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Ventriculoperitoneal shunt migration into an inguinal hernia with subsequent laparoscopic reduction and hernia repair
  1. Vivian Lou1,
  2. Kirbi Yelorda2,
  3. Jamie Tung2
  1. 1Stanford University School of Medicine, Stanford, California, USA
  2. 2Department of Surgery, Acute Care Surgery, Stanford Univeristy School of Medicine, Stanford, California, USA
  1. Correspondence to Dr Jamie Tung; jtungmd{at}

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Case presentation

The patient is a 71-year-old man with a history of normal pressure hydrocephalus status post ventriculoperitoneal (VP) shunt placement and prostate cancer status robot-assisted radical prostatectomy (RARP) and radiation therapy. The patient was re-evaluated by the neurosurgery service for a shunt malfunction and subsequently underwent a proximal shunt revision. On postoperative routine X-ray of the shunt, the peritoneal portion was found incarcerated within a previously unrecognized right inguinal hernia and suspected to be the actual cause of the malfunction. On reflection, the patient did notice a right inguinal bulge after his shunt placement but did not think anything of it at the time. CT scan of the abdomen and pelvis confirmed the catheter resided in a right inguinal hernia, also containing fluid (figure 1).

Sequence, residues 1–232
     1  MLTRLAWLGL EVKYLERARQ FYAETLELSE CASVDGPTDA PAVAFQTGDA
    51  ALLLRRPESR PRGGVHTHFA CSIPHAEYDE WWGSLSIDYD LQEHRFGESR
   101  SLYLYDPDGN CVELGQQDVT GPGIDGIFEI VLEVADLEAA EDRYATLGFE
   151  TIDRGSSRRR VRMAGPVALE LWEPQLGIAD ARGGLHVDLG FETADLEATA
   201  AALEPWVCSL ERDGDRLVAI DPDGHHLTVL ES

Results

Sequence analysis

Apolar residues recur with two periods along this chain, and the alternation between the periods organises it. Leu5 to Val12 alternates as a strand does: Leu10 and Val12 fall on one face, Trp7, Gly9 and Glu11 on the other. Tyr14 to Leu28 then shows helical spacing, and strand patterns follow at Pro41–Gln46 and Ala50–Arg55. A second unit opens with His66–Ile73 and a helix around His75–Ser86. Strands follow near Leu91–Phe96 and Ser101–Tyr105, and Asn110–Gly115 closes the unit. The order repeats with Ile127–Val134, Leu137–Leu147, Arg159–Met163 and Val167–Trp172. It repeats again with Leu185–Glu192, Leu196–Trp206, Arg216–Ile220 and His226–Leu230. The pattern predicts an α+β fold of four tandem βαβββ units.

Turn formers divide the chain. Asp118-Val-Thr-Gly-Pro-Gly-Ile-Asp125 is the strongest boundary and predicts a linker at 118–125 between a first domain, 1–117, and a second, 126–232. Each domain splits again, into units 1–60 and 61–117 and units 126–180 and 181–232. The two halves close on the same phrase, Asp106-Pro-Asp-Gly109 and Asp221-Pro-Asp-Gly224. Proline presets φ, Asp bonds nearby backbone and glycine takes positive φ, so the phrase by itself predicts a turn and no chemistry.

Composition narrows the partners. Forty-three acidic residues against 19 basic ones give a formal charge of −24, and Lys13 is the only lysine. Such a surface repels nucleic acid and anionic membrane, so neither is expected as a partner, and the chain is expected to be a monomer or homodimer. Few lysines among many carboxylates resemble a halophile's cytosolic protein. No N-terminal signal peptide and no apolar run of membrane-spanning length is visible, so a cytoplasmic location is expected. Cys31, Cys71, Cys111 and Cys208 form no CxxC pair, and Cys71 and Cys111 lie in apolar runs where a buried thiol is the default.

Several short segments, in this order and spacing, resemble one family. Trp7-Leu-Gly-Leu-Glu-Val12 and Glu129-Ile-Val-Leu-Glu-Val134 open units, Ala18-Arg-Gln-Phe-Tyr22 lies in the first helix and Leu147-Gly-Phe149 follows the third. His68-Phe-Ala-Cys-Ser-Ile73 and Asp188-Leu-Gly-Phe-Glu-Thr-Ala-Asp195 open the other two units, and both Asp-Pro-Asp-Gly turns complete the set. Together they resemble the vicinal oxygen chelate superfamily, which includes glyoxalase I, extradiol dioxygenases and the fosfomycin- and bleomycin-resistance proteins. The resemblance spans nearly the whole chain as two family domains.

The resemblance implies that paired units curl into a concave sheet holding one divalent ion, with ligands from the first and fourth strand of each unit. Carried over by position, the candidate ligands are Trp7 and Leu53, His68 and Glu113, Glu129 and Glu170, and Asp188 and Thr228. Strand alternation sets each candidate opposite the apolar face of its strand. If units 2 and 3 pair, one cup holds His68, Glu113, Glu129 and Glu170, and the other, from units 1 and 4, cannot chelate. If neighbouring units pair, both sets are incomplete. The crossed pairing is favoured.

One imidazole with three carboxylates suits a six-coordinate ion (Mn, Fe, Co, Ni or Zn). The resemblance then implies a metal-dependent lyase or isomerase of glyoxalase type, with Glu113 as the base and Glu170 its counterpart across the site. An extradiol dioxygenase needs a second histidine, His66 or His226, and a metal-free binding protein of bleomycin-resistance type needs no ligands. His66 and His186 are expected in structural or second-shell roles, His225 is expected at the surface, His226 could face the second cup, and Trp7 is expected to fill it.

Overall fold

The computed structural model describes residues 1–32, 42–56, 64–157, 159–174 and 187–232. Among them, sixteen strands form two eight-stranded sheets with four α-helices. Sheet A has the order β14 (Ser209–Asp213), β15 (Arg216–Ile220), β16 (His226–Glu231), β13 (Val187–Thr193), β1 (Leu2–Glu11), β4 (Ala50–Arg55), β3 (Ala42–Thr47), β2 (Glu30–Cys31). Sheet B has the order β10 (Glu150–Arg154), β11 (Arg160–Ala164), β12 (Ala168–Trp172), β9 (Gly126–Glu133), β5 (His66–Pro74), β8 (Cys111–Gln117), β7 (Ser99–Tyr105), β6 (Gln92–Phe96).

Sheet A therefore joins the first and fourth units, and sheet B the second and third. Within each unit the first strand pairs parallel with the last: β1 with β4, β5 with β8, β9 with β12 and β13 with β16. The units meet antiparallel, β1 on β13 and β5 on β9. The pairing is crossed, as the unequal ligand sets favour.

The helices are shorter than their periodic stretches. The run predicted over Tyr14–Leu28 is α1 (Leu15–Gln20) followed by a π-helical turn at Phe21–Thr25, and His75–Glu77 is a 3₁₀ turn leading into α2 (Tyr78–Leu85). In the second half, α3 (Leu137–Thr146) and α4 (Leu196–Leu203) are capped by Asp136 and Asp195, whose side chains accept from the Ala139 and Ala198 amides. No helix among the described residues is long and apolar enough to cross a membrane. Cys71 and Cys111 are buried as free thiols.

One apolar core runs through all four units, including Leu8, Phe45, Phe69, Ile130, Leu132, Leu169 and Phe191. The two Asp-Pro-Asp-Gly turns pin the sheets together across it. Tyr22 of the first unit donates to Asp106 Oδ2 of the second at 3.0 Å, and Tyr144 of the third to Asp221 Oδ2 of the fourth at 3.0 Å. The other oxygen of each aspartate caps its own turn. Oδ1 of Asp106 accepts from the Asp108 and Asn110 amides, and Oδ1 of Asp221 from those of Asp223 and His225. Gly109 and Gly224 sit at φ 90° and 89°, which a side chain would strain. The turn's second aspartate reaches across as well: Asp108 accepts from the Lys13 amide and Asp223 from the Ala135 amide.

Figure 1

Coronal section of CT scan demonstrating the shunt catheter present in the right groin.

What would you do?

  1. Observation and serial monitoring for spontaneous reduction of the shunt.

  2. Return to the operating room for laparoscopic shunt revision alone.

  3. Return to the operating room for laparoscopic shunt revision and open hernia repair.

  4. Return to the operating room for laparoscopic shunt revision and laparoscopic extraperitoneal hernia repair (total extraperitoneal repair).

What we did and why

C. Return to the operating room for laparoscopic shunt revision and open hernia repair.

We elected to proceed with urgent diagnostic laparoscopy with distal shunt revision and open hernia repair to prevent further shunt malfunction. The patient was brought to the operating room and placed in supine position, where general anesthesia was induced. We began with a diagnostic laparoscopy with the intention to reduce the catheter, obtaining abdominal access with the Hasson technique. After insufflation, we noted that the catheter had self-reduced and was situated next to the hernia in the abdomen (figure 2). We placed the catheter in the pelvis and turned our attention to the hernia via an open approach. We identified a right indirect inguinal hernia, and separated and reduced the hernia sac from the cord structures. We performed a Lichtenstein open repair of the hernia using the Covidien Mesh Hernia Plug and Patch. The patient recovered appropriately and was discharged the following day.

Figure 2

(A) Laparoscopic examination of the right internal inguinal ring with the ventriculoperitoneal shunt tip situated beneath. (B) Laparoscopic examination of the right internal inguinal ring and ventriculoperitoneal shunt tip prior to repositioning of the shunt in the pelvis.